There may be valid business reasons that one employee may be earning more or less than their peers. A company in its early development, for example, may not yet have generated sufficient income to pay the beneficiary a greater salary. In creating the L-1B classification, Congress focused on the beneficiary’s knowledge, not their position on a company’s organizational chart or pay scale.

Beneficiaries Must Have Required Specialized Knowledge at Time of Filing

As with all eligibility criteria, the petitioner must show that the beneficiary meets the requisite criteria and is eligible for the benefit at the time of filing.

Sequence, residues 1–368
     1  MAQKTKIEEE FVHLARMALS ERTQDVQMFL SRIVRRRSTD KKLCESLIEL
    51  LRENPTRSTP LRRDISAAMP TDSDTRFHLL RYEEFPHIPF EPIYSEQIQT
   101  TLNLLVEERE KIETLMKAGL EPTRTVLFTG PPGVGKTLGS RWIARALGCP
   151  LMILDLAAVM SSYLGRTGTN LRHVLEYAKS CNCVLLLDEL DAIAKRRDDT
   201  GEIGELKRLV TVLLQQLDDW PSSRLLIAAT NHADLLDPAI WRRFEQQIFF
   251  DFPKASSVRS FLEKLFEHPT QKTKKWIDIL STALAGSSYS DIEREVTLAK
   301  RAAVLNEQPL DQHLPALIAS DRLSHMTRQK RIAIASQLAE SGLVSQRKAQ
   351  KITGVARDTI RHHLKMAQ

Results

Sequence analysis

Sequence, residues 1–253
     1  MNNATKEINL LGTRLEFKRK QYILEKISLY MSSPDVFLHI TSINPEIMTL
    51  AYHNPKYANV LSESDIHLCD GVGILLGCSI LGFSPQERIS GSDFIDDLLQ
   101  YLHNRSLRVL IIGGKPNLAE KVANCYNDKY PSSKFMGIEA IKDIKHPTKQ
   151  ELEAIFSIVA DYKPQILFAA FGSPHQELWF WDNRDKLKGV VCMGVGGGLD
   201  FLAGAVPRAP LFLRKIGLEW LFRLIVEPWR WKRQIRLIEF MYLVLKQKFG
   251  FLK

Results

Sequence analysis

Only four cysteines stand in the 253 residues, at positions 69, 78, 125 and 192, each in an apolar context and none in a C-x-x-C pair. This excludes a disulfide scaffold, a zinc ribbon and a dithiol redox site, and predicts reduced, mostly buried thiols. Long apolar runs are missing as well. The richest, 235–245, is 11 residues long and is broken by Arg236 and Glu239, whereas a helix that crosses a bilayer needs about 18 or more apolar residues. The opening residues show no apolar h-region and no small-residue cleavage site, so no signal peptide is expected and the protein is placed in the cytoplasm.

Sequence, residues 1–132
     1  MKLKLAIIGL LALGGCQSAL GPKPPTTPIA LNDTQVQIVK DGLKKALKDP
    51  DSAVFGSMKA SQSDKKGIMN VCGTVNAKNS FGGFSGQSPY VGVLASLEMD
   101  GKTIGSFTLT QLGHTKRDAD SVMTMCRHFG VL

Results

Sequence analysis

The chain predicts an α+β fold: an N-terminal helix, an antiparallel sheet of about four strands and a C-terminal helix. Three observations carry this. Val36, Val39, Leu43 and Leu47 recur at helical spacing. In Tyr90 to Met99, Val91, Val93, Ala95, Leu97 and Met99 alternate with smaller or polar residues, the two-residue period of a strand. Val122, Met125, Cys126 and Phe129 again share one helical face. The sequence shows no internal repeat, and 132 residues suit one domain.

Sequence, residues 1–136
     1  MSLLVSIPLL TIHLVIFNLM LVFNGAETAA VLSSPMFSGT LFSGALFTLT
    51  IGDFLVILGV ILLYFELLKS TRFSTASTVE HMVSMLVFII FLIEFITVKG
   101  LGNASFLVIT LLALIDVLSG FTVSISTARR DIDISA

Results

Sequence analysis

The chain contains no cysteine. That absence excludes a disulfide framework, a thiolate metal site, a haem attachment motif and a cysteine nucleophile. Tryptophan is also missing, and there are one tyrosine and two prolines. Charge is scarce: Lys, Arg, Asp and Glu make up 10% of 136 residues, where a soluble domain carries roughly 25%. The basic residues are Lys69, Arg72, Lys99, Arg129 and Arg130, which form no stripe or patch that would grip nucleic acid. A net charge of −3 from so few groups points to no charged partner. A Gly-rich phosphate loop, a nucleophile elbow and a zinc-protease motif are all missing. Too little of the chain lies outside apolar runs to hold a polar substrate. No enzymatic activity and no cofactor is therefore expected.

The beneficiary may have acquired specialized knowledge while working for the foreign organization either in a specialized knowledge, executive, or managerial capacity. The petitioner bears the burden to show that the beneficiary has the required specialized knowledge at the time of filing.

Eligibility for Another Nonimmigrant Classification is Not a Bar to Eligibility for L-1B Classification

The requirements for L-1B classification are distinct from other visa classifications. Eligibility for one classification does not preclude eligibility for another. A beneficiary may possess characteristics that make him or her potentially qualified for two or more distinct nonimmigrant classifications, but may only hold one classification at a time while in the United States.